Bribe Receiving is a crime under New York State law that involves a public servant accepting or agreeing to accept something of consideration, in exchange for influencing their vote, opinion, judgement or action. Under New York Law, there are three different Bribe Receiving charges. All New York Bribery Charges are felonies and can result in substantial jail time. Specifically, the three New York Bribe Receiving charges are (from most serious to least serious are):

  • Bribe Receiving in the First Degree (New York Penal Law 200.12),
  • Bribe Receiving in the Second Degree (New York Penal Law 200.11), AND
  • Bribe Receiving in the Third Degree(New York Penal Law 200.10).

The difference in these charges is explained in detail below.

New York Bribe Receiving in the Third Degree

New York Bribe Receiving in the Third Degree is codified in New York Penal Law Section 200.10. Under NY Penal Law Section 200.10, a public servant is guilty of Bribe Receiving in the Third Degree when s/he:

  1. Solicits, accepts or agrees to accept
  2. Any benefit from another person
  3. Upon an agreement or understanding that his vote, opinion, judgment, action, decision or exercise of discretion as a public servant will thereby be influenced.

Sentencing and Penalties for New York Bribe Receiving in the Third Degree 

Under New York law, Bribe Receiving in the Third Degree is a Class “D” Non-violent Felony. As such, this charge is punishable by up to 2 1/3 to 7 years in prison. In the event there are mitigating circumstances, the Court can impose a sentence of conditional discharge or probation.

Bribe Receiving in the Second Degree

New York Bribe Receiving in the Second Degree is codified in New York Penal Law Section 200.11.  Under NY Penal Law Section 200.11, a public servant is guilty of Bribe Receiving in the Second Degree when s/he:

  1. Solicits, accepts or agrees to accept
  2. Any benefit valued in excess of $10,000 from another person
  3. upon an agreement or understanding that his vote, opinion, judgment, action, decision or exercise of discretion as a public servant will thereby be influenced.

Sentencing and Penalties for Bribe Receiving in the Second Degree 

Under New York law, Bribe Receiving in the Second Degree is a Class “C” Non-violent felony. As such, this charge is punishable by up to 5 to 15 years in jail. In the event there are mitigating circumstances, this charge can be punishable by probation or a conditional discharge.

Bribe Receiving in the First Degree

New York Bribe Receiving in the First Degree is codified in New York Penal Law Section 200.12. Under NY Penal Law Section 200.12, a public servant is guilty of Bribe Receiving in the First Degree when s/he:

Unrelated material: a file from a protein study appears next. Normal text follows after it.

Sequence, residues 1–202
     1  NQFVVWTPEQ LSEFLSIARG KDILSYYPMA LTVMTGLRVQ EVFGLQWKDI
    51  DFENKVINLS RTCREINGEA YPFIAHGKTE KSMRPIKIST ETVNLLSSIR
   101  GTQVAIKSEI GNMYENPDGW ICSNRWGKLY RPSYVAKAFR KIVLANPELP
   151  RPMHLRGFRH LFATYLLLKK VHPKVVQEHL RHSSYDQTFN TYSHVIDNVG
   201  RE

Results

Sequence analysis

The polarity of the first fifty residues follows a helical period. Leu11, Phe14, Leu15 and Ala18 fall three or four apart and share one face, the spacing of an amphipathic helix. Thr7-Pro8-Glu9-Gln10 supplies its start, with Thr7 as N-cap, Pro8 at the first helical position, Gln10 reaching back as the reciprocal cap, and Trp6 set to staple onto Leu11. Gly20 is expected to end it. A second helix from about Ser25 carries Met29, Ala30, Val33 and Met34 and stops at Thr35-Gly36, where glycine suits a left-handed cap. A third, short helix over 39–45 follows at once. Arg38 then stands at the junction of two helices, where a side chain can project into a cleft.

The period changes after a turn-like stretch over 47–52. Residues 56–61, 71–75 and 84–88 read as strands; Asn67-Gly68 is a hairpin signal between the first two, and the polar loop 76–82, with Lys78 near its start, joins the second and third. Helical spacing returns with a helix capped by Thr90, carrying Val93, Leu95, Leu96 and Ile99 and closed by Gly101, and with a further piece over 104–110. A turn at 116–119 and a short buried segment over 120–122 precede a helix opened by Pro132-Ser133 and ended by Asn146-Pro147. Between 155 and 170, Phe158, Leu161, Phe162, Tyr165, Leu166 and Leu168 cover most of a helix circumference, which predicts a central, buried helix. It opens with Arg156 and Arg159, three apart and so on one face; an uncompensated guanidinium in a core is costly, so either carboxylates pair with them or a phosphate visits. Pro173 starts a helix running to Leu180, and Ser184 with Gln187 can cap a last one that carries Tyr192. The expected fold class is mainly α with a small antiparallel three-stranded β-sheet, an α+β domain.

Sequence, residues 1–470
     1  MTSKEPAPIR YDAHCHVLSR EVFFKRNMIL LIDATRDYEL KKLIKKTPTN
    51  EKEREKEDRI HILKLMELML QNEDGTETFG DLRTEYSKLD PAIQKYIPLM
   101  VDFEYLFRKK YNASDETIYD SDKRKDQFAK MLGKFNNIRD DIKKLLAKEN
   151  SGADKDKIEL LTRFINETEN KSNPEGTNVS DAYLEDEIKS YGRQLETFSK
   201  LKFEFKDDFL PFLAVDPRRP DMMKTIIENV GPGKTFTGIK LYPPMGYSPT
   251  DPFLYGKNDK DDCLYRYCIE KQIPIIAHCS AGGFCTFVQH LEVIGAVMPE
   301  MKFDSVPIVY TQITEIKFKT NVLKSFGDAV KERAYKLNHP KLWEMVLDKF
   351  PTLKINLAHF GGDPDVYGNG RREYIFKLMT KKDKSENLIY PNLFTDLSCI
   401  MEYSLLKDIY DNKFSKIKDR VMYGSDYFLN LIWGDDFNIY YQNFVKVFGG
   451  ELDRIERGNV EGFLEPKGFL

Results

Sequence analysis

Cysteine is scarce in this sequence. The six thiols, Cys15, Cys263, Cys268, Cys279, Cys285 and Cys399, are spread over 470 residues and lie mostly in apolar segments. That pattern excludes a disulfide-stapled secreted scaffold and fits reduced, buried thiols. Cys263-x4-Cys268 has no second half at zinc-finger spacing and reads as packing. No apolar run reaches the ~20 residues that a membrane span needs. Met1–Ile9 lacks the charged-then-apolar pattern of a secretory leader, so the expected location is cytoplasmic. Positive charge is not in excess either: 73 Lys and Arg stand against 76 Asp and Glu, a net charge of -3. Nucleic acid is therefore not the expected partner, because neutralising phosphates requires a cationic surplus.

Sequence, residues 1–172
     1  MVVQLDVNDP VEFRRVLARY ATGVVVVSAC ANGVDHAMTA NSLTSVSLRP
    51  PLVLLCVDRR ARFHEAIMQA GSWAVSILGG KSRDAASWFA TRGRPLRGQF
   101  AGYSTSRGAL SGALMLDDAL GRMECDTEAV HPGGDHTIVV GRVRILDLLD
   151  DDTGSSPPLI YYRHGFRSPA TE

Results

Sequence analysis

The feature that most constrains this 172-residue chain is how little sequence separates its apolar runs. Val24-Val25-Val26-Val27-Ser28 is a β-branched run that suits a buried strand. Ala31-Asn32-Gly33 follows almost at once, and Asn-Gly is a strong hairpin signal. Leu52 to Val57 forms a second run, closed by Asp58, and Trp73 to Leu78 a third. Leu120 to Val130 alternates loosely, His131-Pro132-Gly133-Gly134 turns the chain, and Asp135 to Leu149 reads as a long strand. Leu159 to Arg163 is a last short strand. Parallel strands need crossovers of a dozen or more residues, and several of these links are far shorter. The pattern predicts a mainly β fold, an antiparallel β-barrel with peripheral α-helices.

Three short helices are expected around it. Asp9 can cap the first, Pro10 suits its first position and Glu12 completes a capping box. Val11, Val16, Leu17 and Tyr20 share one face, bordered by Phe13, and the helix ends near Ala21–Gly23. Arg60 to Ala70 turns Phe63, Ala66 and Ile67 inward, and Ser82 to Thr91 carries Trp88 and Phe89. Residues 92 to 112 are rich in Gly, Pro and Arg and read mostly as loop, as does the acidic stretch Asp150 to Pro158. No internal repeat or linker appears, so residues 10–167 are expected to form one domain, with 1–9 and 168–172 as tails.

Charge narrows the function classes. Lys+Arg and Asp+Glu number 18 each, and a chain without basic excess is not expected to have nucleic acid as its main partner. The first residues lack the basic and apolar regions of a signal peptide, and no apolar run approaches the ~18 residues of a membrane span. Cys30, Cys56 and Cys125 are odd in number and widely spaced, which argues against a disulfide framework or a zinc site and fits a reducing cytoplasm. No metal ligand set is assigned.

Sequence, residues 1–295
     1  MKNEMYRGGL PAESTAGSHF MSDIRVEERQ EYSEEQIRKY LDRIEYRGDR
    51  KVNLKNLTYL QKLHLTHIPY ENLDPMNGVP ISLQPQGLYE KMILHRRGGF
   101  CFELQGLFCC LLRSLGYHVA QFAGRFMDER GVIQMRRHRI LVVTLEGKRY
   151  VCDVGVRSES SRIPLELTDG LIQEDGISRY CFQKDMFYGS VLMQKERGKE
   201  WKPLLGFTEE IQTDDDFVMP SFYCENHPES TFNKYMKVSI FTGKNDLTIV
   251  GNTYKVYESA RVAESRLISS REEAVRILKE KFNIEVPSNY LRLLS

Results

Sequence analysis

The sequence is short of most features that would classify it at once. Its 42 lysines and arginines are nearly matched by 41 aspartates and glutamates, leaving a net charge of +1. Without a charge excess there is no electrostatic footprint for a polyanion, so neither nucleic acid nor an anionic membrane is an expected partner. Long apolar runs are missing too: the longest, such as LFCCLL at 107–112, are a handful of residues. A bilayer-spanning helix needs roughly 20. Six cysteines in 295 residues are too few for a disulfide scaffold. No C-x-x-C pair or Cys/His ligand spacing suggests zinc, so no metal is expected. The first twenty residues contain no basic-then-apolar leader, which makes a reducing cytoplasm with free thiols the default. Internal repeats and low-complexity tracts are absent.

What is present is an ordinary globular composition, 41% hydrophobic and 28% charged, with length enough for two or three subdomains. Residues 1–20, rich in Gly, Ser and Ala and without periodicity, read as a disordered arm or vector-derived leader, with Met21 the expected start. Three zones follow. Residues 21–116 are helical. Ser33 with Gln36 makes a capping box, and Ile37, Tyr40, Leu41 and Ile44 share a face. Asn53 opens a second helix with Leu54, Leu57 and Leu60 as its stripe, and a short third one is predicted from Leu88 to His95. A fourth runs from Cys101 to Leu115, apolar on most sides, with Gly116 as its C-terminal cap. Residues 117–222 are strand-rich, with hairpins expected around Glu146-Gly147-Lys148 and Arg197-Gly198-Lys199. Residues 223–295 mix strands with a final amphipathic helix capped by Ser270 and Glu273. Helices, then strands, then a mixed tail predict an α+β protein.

1. Solicits, accepts or agrees to accept
  2. Any benefit from another person upon an agreement or understanding that his vote, opinion, judgment, action, decision or exercise of discretion as a public servant will thereby be influenced
  3. In the investigation, arrest, detention, prosecution or incarceration of any person for the commission or alleged commission of a Class “A” felony defined in article two hundred twenty of the penal law or an attempt to commit any such Class “A” felony.

Sentencing and Penalties for Bribe Receiving in the First Degree

Under New York law, Bribe Receiving in the First Degree is a Class “B” Non-violent felony. As such, this charge is punishable by a minimum of 1 to 3 years and a maximum of 8 1/3 to 25 years.

Commission of Other Crimes and No Power or Authority to Perform the Bribed Act Are Not Defenses

Interestingly, New York Penal Law Section 200.15 specifically explains that:

  1. Commission of other crimes such as larceny by means of extortion or an attempt to commit the same is not a defense to prosecution for bribe receiving, AND
  2. The public servant’s lack of power or or authority to perform the act or omission for which the alleged bribe, gratuity or reward was given is not a defense.

Specifically, New York Penal Law Section 200.15 states:

1. The crimes of (a) bribe receiving, and (b) larceny committed by means of extortion, attempt to commit the same, coercion and attempt to commit coercion, are not mutually exclusive, and it is no defense to a prosecution for bribe receiving that, by reason of the same conduct, the defendant also committed one of such other specified crimes.

2. It is no defense to a prosecution pursuant to the provisions of this article that the public servant did not have power or authority to perform the act or omission for which the alleged bribe, gratuity or reward was given.

Contact Us Today Regarding Your Bribe Receiving Case

If you or your loved one have been charged with bribe receiving, or believe you are under investigation, you need top-rated, experienced counsel by your side. Please contact us today to schedule your free initial consultation.